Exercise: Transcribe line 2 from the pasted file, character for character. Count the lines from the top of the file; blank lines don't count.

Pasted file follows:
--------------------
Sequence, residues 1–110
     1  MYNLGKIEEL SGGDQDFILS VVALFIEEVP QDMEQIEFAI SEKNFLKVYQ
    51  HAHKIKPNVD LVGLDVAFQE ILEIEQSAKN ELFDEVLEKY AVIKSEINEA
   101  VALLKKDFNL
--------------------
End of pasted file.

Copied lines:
     1  MYNLGKIEEL SGGDQDFILS VVALFIEEVP QDMEQIEFAI SEKNFLKVYQ